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Much of the outdoor recreation in this area takes place in nearby national forest lands, and you can get information at the San Isabel National Forest office, 810 Front St. (tel. 719/486-0749; www.fs.fed.us/r2), as well as the visitor center. Bill's Sport Shop, 225 Harrison Ave. (tel. 719/486-0739; www.billsrentals.com), is a good source for gear (to rent or buy) and advice.

Adventurous hikers can attempt an ascent of Mount Elbert (14,440 ft.), Mount Sherman (14,036 ft.), or Mount Massive (14,428 ft.); all three can be climbed in a day without technical equipment, though altitude and abruptly changing weather conditions are factors that should be weighed. One popular trail for hiking, walking, and mountain biking is the Mineral Belt Trail, a 12-mile loop that circles Leadville, passing through the mining district and the mountains in the process. A good access point for it is near the recreation center at Sixth Street and McWethy Drive.

There's good trout and kokanee fishing at Turquoise Lake, Twin Lakes, and other small high-mountain lakes, as well as at beaver ponds located on side streams of the Arkansas River. There's also limited stream fishing in the area.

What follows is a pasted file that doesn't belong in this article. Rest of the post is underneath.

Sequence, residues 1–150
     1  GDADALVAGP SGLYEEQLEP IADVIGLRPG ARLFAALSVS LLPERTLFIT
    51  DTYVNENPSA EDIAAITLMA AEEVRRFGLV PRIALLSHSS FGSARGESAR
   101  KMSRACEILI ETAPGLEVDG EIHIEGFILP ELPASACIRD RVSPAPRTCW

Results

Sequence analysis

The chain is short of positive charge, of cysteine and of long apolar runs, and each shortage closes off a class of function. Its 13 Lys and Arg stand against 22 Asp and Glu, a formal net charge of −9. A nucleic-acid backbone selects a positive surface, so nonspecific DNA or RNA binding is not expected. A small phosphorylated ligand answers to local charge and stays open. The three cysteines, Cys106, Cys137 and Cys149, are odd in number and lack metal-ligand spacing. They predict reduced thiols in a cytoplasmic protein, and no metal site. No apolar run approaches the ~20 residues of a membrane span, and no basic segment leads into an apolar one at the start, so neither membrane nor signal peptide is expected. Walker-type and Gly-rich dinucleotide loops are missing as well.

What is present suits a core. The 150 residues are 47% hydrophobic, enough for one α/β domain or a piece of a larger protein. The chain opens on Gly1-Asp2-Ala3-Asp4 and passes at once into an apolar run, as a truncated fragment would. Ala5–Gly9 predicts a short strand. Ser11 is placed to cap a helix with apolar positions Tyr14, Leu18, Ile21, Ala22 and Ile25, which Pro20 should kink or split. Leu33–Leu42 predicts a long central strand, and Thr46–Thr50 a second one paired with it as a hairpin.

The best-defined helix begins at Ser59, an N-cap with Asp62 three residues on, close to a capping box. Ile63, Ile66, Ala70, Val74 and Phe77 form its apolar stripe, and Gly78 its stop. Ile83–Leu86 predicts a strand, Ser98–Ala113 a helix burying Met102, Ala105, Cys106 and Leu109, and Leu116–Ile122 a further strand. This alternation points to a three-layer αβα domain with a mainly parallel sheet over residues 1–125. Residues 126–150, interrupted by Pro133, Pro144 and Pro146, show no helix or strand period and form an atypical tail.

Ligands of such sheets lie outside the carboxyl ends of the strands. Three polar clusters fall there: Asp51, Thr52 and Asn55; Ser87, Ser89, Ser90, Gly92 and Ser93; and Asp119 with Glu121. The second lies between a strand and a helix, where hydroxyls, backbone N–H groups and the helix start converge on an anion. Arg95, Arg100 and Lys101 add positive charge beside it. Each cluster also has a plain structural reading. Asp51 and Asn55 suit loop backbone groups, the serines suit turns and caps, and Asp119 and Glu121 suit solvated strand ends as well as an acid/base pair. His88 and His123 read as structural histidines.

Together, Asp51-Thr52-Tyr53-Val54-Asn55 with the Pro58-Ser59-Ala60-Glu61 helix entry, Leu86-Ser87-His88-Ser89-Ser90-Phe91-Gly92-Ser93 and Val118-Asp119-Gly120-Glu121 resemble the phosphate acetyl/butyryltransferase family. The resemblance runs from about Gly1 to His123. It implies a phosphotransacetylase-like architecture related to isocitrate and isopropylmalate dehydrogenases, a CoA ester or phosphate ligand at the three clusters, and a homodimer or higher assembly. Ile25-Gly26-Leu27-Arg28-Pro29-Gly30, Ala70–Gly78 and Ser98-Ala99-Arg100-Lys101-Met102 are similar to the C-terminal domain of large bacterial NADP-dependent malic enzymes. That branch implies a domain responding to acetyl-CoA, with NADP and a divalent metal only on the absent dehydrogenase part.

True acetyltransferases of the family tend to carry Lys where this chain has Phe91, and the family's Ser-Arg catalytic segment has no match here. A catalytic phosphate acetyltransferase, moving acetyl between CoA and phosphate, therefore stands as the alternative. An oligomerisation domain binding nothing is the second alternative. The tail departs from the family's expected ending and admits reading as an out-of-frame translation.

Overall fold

Golfers head to 9-hole Mount Massive Golf Course, 3 1/2 miles west of town at 259 C.R. 5 (tel. 719/486-2176; www.mtmassivegolf.com), which claims to be North America's highest golf course, at 9,700 feet. Greens fees are $34 for 18 holes, not including a cart, and views of surrounding mountain peaks are magnificent.

If snow sports are more to your liking, Ski Cooper, P.O. Box 896, Leadville, CO 80461 (tel. 800/707-6114 or 719/486-3684, 719/486-2277 for snow reports; www.skicooper.com), is the place to go, with 400 acres of lift-served skiable terrain and another 2,400 acres accessible by snowcat. It began as a training center for 10th Mountain Division troops from Camp Hale during World War II. Located 10 miles north of Leadville on U.S. 24 near Tennessee Pass, it offers numerous intermediate and novice runs, and hosts backcountry Chicago Ridge Snowcat Tours for experts (call for details). Four lifts serve 26 runs -- rated 30% beginner, 40% intermediate, and 30% expert -- and the mountain has a 1,200-foot vertical drop from the peak of 11,700 feet. Full-day tickets cost $42 for adults, $23 for children 6 to 14, $31 for seniors 60 to 69, $18 for seniors 70 and older, and are free for kids under 6. The Tennessee Pass Nordic Center (tel. 719/486-1750; www.tennesseepass.com), at the foot of the mountain, has 15 miles of groomed track and skating trails, plus rentals and lessons and a highly regarded restaurant, the Tennessee Pass Cookhouse. Trail passes cost $14 for adults, $10 for children and seniors.

Note: This information was accurate when it was published, but can change without notice. Please be sure to confirm all rates and details directly with the companies in question before planning your trip.